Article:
Connecting the Generations: There’s Nothing Like a Game of Three-Corner Catch
By Lyman Hafen
I would have been ten years old when I pulled that card out of a five-cent pack. I was sitting with my back to a mulberry tree in my front yard. Jim’s mobile market had already motored on down 600 South to the next stop, and I heard the truck’s horn blare, alerting my friends and their moms further down the street that groceries (and baseball cards) were available at the curb. My heart double-pumped as I unwrapped the pack, hoping with all my soul I would find a Willie Mays or a Sandy Koufax, or perhaps, even the Holy Grail of baseball cards, a Mickey Mantle, in that small stack of cards. I held them in my trembling hands and lifted them to my nose to smell the dusty sweetness glazed upon them by the chalky residue of a flat stick of gum. When the shiny Mickey Mantle appeared near the middle of the deck, I must have chuckled with joy. I gazed at it with adoring eyes. It was a 1965 Topps. In that magical moment, it became my most prized possession.
Most of my baseball cards from those sun-splashed boyhood summers eventually disappeared. They got dog-eared from endless shuffling, fondling, and trading. Some of them ended up clothes-pinned to the front fork of my bike in such a way that they poked through the spokes of the wheel and created amazing motor sounds as I peddled out the driveway. As I gained speed down 600 South, those cards transformed my bicycle into a roaring Harley Davidson. But some of the cards, like the treasured Mickey Mantle, were handled with care and protected from abuse and somehow survived. Today I have them in the same old cigar box I had as a kid. They sit safely atop my bookshelf where I’m comforted to know they will be when I need them.
* * * * *
My dad and I didn’t play a lot of catch when I was a boy, but when we did, it was wonderful. On those rare evenings when he’d get home from work with a sliver of sun still sparking over the west black ridge, I’d dig out our mitts and a hairy old ball and approach him. We’d step out on the back lawn and start to arch the ball back and forth to each other—easy at first—and then, it would flatten out and speed up as our arms warmed up.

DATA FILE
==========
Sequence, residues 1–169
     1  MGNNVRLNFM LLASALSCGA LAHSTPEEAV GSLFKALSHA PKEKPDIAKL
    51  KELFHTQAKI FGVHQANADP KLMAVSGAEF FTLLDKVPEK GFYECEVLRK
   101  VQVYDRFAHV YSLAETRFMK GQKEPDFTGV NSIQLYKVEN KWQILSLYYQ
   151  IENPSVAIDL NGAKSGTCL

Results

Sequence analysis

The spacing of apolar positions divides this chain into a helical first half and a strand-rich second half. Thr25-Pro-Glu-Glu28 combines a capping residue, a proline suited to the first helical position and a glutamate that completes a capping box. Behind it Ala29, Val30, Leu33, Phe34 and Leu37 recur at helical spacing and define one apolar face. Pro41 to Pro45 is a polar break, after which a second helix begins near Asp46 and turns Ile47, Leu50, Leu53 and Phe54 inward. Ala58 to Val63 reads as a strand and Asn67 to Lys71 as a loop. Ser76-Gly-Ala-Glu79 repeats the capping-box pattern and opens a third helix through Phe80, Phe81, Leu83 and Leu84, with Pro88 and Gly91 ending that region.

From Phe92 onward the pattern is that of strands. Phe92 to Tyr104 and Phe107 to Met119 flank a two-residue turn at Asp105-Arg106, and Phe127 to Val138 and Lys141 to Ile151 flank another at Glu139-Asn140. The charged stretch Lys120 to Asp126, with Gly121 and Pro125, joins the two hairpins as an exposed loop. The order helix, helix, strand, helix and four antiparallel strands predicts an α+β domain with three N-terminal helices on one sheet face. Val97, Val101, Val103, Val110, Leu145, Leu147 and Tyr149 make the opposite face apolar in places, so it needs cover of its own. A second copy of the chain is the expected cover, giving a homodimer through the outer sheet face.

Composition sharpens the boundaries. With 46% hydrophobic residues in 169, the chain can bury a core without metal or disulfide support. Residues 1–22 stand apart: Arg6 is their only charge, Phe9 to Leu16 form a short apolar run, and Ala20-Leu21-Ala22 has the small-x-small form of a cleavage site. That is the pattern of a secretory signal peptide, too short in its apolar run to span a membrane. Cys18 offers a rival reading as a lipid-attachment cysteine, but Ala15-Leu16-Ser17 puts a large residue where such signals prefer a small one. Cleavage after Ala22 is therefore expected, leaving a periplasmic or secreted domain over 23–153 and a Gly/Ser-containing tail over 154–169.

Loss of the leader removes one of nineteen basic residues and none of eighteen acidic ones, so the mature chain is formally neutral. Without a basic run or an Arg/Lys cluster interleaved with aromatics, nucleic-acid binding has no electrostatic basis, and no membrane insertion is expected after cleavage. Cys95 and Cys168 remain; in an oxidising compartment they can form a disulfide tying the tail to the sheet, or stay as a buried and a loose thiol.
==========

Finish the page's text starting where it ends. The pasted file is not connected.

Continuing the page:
I remember it as spring, and there must have been red-breasted robins chirping high in the pecan tree in our backyard, telephone wires lined with gossiping sparrows. There was the fresh smell of first-cut grass below us and the mystical scent of leather from the mitt held close to my face. The sky was as purple as the oily finger paints we smeared on paper at school, and through it all came the white streak of the ball—cutting the pristine air, popping in the glove, linking the generations.
Back and forth.
Back and forth.
Father to son.
Son to father.
A mythic connection that would always be.
* * * * *
I have five sons. Through the years, as they grew up, there would be a day each spring when the mitts would come out, and the assumption was that we would play catch on the front lawn for a while when I got home from work. That assumption would shatter on evenings when I got home just in time for a quick bite to eat before hurrying off to some meeting. Harry Chapin’s song “Cat’s in the Cradle” comes to mind when I think of those particular days.